While I waited in the grocery store line recently, I thumbed through the latest People magazine. Expecting to see celebrity gossip, I stumbled across an article about young people who are making a difference in medicine. One young man in particular, Jack Andraka, caught my eye as I remembered seeing him on Ted Talks a few months ago.

Jack is an inspiring teenager who has possibly made one of the biggest discoveries in the diagnosis of pancreatic cancer. He became interested when a family friend died of the disease. He thought if he could find better ways to detect the disease, he might be able to save lives.

Andraka used Google and Wikipedia to learn all he could about pancreatic cancer and then created an inexpensive test strip that has so far, in preliminary tests, been shown to be 100% accurate. This same technology can also be used to detect lung and ovarian cancer.

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Until this discovery, Jack was doing experiments in his family’s basement. He developed a test protocol for his discovery and sent it to 200 different labs. He was rejected by all but one. The 200th lab was Johns Hopkins.

There he was given a small space to conduct experiments mostly because the doctor in charge was fascinated that a 15-year-old boy had come up with something so advanced. Now he is called the “Edison our times.”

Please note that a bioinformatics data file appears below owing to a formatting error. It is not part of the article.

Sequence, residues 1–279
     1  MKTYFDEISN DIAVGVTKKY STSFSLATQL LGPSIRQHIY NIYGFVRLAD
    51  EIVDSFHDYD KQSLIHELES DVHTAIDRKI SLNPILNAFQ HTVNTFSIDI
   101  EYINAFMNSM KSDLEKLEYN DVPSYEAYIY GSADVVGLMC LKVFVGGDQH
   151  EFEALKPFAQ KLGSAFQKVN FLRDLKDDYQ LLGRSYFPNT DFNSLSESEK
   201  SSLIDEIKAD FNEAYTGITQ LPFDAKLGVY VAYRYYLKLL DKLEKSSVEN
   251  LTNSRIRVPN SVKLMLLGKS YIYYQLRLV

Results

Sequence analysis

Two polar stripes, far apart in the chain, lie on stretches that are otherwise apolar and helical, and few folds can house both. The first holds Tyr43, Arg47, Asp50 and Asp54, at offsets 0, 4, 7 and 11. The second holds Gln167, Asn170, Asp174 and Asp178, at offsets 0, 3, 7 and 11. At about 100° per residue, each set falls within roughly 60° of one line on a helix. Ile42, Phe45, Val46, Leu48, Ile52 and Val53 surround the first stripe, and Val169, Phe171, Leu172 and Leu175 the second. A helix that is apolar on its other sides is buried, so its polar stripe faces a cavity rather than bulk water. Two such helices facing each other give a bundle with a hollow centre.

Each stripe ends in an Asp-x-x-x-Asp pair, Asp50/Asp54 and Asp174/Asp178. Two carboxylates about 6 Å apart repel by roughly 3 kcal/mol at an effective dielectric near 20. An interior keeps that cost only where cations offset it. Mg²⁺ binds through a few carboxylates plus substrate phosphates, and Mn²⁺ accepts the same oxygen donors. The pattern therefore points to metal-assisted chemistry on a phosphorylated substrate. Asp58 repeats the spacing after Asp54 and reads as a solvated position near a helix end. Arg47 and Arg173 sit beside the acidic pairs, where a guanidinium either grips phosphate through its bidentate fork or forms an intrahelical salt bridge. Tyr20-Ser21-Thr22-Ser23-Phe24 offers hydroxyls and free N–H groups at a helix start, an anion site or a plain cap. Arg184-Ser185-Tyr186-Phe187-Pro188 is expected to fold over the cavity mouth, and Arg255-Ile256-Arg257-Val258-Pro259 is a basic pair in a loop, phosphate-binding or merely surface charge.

Interestingly, Andraka does not feel he is especially smart. He says he knows many that are smarter and that creativity played a part. You have to have an idea and also the creativity to make it come to life.

The test strip Andraka designed detects mesothelin in the blood. Patients with pancreatic cancer have higher amounts than normal. The strips are inexpensive and the test takes five minutes. Jack is in talks with pharmaceutical companies to develop the technology and won the top prize at the 2012 Intel International Science and Engineering Fair.

I am in awe of this young man’s discovery, but it also makes me wonder what we are doing as medical professionals to find cures to diseases and new ways of early detection. Are we so involved with treating patients that we don’t have the time and energy to devote to research to improve prevention and early diagnosis?

Are you a physician assistant or nurse practitioner involved in research? If so, what are you working on? Leave a comment and tell us about it.

Sharon M. O’Brien, MPAS, PA-C, is a practicing clinician with an interest is helping patients understand the importance of sleep hygiene and the impact of sleep on health.